Carla Burke
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For those on a septic system, there is another great benefit of a graywater system; the diversion of the excess water. The more water going into a septic system, the more frequently it will be likely to need to be pumped out. With all the household water emptying into the septic, it tends to dilute & flood out the bacteria that is needed to break down the solid contents of the tank, so the solids build up, and can't be leached out into the field.
 
pollinator
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We don't have a "proper" greywater system, but we use a washing up bowl in the kitchen sink and the contents are used for watering plants, as well as a bucket to catch the first cold shower water. We use only safe natural cleaners, so water in the cleaning bucket or clothes washing bowl all goes out into the garden, too.

Summers are very dry, so my goal is to set up an outdoor kitchen sink and shower for summer use, which will drain into a garden area.
 
software bot
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Last vote in apple poll was on May 19, 2024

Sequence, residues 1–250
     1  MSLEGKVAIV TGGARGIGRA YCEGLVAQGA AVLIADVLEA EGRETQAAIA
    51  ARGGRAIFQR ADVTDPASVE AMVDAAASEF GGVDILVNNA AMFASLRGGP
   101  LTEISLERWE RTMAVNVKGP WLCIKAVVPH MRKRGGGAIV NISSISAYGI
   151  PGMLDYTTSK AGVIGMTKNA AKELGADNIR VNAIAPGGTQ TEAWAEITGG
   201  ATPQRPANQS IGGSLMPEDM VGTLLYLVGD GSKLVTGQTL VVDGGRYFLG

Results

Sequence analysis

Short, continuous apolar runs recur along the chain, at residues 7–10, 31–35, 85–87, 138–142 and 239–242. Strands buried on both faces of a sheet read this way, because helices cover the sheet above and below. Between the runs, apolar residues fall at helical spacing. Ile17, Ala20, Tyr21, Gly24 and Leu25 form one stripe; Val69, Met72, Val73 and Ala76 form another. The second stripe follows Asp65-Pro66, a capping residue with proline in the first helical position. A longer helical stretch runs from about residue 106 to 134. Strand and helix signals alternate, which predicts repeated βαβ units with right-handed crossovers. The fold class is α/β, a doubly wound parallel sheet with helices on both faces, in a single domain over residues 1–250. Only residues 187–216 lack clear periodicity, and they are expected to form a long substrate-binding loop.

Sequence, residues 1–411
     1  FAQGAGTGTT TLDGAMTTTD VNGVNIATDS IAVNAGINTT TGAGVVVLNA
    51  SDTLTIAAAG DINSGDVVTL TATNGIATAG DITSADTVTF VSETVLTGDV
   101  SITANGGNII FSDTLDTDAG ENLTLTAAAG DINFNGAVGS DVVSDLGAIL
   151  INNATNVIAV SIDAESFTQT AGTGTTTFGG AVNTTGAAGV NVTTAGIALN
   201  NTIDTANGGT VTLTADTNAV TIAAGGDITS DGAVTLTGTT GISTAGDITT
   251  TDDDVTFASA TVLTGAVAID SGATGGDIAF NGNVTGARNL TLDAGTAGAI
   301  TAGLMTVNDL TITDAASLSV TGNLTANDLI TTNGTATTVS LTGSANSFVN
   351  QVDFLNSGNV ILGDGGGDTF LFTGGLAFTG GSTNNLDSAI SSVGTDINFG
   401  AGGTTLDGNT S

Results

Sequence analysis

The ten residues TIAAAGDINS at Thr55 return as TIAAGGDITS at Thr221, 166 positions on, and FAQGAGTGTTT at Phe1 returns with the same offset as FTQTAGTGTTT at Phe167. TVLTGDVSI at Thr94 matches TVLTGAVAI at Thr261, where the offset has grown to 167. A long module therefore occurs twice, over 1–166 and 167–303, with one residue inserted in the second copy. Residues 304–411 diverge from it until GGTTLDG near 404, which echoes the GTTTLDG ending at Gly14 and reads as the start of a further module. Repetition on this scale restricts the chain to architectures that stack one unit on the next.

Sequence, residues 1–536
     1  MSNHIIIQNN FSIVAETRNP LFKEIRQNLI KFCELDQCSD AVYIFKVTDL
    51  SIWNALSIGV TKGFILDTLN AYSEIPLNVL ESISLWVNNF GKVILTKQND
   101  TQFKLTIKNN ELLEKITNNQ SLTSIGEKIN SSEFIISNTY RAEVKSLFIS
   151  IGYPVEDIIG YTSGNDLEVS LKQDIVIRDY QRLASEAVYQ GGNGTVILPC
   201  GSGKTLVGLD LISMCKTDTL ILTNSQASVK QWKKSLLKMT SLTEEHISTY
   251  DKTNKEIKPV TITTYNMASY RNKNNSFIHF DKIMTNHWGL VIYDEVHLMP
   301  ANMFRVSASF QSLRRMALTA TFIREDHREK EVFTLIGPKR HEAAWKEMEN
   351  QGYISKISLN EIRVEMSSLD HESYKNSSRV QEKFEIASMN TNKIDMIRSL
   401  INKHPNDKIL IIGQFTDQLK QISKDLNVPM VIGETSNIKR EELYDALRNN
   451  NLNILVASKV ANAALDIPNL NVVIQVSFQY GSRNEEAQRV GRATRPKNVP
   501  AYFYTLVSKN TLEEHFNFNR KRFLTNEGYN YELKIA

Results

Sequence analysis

gardener
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In the high desert, at the school I lived and worked at for over 20 years and at the house I made, we use greywater. Since there are no rules preventing us, and our buildings are uphill from the green area, and trees always need irrigation anyway here, we just buried the outflow pipe deep enough to not (usually) freeze, and daylight at a canal going past trees, preferably willow trees. At the school we didn't try to control the type of laundry detergent or hair products etc that the residential teenage students used, and it seemed fine for the trees.

As Art Ludwig points out, the richest and most diverse soil ecosystem is right near the top. Greywater to a surface canal or mulch basin will break down much faster and easily than buried systems. That's my experience too. It's skanky and sometimes smelly right at the outlet especially if it pools there, but overall the system is pretty trouble free and unobjectionable. And certainly willow trees love it. Other trees too but the willows just love it for sure.